thanks Rennie :)

great idea to keep the written log- I'm going to do that too... I have marked the finish date on the lantus pen and on my calendar for both pens- I should put it in my phone too. I'm going to look into the frio or another case- I think the reason they say not to refrigerate after starting a pen or a pen refill is that this can clog up the mechanism or something maybe, although I haven't had any problems with that as far as I know. clearing the pen or with novpen, they say to clear 19 units into a cap if something seems like it isn't working properly, could let you know if there is a problem or not. I also heard that cold insulin can be painful to inject although I didn't notice much of a difference. I think that was it- Levemir. There was an ad at my endos office on their tv/commercial thing. I'm going to read about it and see if I would consider that one because I think Pendiq can use their refills. I'm also trying to find a small fridge just for the insulin.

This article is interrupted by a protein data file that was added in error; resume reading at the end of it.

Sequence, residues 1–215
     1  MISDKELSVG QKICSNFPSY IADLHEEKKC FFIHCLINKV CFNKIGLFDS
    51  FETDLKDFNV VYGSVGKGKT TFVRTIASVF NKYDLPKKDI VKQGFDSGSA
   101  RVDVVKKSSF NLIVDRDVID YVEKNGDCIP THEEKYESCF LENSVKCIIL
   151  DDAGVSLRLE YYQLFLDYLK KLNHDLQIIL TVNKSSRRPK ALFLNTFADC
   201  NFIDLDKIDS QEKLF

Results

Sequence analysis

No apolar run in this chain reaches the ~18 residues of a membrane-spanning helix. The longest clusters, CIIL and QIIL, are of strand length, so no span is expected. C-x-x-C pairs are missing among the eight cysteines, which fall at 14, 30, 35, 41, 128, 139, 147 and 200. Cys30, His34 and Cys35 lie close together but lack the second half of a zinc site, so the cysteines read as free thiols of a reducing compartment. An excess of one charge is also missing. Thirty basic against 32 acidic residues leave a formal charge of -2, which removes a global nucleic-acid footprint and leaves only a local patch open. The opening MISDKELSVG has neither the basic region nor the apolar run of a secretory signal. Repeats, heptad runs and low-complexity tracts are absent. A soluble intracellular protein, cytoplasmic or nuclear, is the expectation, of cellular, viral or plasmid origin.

They don't do that because they make more money by selling larger quantities than is necessary and then telling the patients they have to throw it out after 28 days. They have billions of colonies of ecoli bacteria manufacturing our insulin and really all they have to do is collect it purify and package. I don't know if you realize the billions of dollars at play here. Of course it would make a lot of sense to make smaller pen amounts for people using less, but that would cost the big pharma companies money. And they're not big fans of missing out on their piece of the diabetic pie. JMHO

How do you get your top 10 list to post in your reply ? I was looking for my discussion about How long does Lantus last and found it but I could not figure out how to copy and paste ?